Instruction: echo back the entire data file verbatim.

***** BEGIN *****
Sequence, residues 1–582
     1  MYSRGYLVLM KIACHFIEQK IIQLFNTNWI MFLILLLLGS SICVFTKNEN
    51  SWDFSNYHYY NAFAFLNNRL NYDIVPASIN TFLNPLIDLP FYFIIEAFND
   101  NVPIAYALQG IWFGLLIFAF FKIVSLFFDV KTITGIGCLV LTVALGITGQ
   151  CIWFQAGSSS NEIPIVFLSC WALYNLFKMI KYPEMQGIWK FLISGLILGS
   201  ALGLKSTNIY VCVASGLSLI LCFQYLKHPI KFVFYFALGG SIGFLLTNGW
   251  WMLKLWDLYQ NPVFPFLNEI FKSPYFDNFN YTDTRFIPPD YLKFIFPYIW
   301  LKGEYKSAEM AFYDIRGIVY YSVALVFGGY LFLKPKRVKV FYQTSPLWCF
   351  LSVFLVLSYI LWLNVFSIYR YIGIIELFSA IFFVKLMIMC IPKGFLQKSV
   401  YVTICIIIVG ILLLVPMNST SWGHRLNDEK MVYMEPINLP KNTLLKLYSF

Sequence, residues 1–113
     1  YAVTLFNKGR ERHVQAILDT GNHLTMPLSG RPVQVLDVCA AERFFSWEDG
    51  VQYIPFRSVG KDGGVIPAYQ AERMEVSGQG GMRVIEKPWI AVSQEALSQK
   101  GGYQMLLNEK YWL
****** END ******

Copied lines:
Sequence, residues 1–582
     1  MYSRGYLVLM KIACHFIEQK IIQLFNTNWI MFLILLLLGS SICVFTKNEN
    51  SWDFSNYHYY NAFAFLNNRL NYDIVPASIN TFLNPLIDLP FYFIIEAFND
   101  NVPIAYALQG IWFGLLIFAF FKIVSLFFDV KTITGIGCLV LTVALGITGQ
   151  CIWFQAGSSS NEIPIVFLSC WALYNLFKMI KYPEMQGIWK FLISGLILGS
   201  ALGLKSTNIY VCVASGLSLI LCFQYLKHPI KFVFYFALGG SIGFLLTNGW
   251  WMLKLWDLYQ NPVFPFLNEI FKSPYFDNFN YTDTRFIPPD YLKFIFPYIW
   301  LKGEYKSAEM AFYDIRGIVY YSVALVFGGY LFLKPKRVKV FYQTSPLWCF
   351  LSVFLVLSYI LWLNVFSIYR YIGIIELFSA IFFVKLMIMC IPKGFLQKSV
   401  YVTICIIIVG ILLLVPMNST SWGHRLNDEK MVYMEPINLP KNTLLKLYSF

Sequence, residues 1–113
     1  YAVTLFNKGR ERHVQAILDT GNHLTMPLSG RPVQVLDVCA AERFFSWEDG
    51  VQYIPFRSVG KDGGVIPAYQ AERMEVSGQG GMRVIEKPWI AVSQEALSQK
   101  GGYQMLLNEK YWL